If a Montana driver has two prior DUIs within a lifetime, a subsequent DUI will be considered a third offense. (Priors are counted differently for determining what qualifies as a first and second offense.) A third DUI conviction is a misdemeanor in Montana and—depending on the circumstances—can carry with it fines, license suspension, jail time, and vehicle forfeiture.
The following are possible outcomes and penalties resulting from a third-offense DUI in Montana. Judges have the discretion to decide a third offender's sentence within these parameters.
Jail time. A third-offense DUI carries 30 days to one year in jail. After the minimum of 30 days of jail time are served, the judge can "suspend" the remainder of the sentence if the convicted motorist completes a chemical dependency treatment program.
Fines. A person who's convicted of a third DUI in Montana must pay a fine of $2,500 to $5,000.
Treatment. All persons convicted of DUI will need to complete an alcohol and drug evaluation. For most third-offense DUIs, the offender will be required to take a chemical dependency treatment course, which can vary depending on the results of the offender's evaluation. The judge will also order chemical testing that will likely consist of random drug screens and/or an alcohol-monitoring ankle bracelet.
Marijuana-related offenses will also result in marijuana registry identification card suspension or revocation.
Passenger under 16. A third offender who had a child under the age of 16 in the vehicle faces 60 days to one year in jail and $5,000 to $10,000 in fines.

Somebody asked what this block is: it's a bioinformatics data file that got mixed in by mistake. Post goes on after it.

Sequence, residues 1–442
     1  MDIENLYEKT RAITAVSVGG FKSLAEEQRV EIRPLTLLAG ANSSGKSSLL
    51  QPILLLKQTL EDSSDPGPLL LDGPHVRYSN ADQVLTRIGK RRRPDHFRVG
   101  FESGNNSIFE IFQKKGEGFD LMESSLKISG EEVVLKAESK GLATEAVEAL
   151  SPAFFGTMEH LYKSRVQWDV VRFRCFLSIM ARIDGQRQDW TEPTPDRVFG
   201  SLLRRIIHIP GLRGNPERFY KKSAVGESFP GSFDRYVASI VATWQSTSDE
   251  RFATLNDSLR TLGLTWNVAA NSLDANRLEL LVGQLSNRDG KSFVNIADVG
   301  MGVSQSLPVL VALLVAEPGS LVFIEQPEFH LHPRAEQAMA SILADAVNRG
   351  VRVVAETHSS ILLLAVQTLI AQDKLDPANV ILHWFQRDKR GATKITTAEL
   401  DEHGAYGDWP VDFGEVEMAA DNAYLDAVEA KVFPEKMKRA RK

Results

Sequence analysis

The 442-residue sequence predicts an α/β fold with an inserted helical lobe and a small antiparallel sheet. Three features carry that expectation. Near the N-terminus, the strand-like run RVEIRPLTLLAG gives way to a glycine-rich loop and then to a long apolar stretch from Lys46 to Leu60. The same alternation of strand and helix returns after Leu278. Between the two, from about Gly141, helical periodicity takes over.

Aggravated DUI. A DUI is considered an "aggravated" offense if the person's blood alcohol concentration (BAC) was .16% or greater, the driver refused a chemical test, has a pending DUI charge, or currently has a suspended or restricted license because of a DUI. The penalties for an aggravated second DUI include 40 days to one year in jail and a $5,000 fine.
Aggravated DUI with passengers under 16. If the third offender with a BAC of at least .16% also had a passenger under 16 years old in the vehicle, he or she faces 90 days to one year in jail and a $10,000 fine.
Generally, a third DUI conviction will result in a one-year license suspension. However, after the motorist completes 90 days of the suspension, the judge can allow the use of a probationary license. With a probationary license, the motorist can drive only for work and health-related purposes. If the convicted is placed on probation or granted a probationary license, the driver will be required to have an ignition interlock device (IID) during this period. Successful completion of the chemical dependency treatment program is required for license reinstatement.
Montana's implied consent laws generally all persons who drive in the state and are lawfully arrested for a DUI to submit to BAC testing. The required testing, depending on the circumstances, may include a blood draw, an in-station breath test, and a roadside preliminary breath test. Drivers who refuse testing for a third time in five years must pay a $300 fee, face a one-year license suspension, and aren't eligible for a restricted license.
On the third conviction of a DUI, the judge is also permitted to order that the driver's vehicles be fitted with an IID or be forfeited completely.
A DUI in Montana can involve serious consequences. If you've been arrested for driving under the influence in Montana, it's a good idea to talk to a DUI lawyer as soon as possible.
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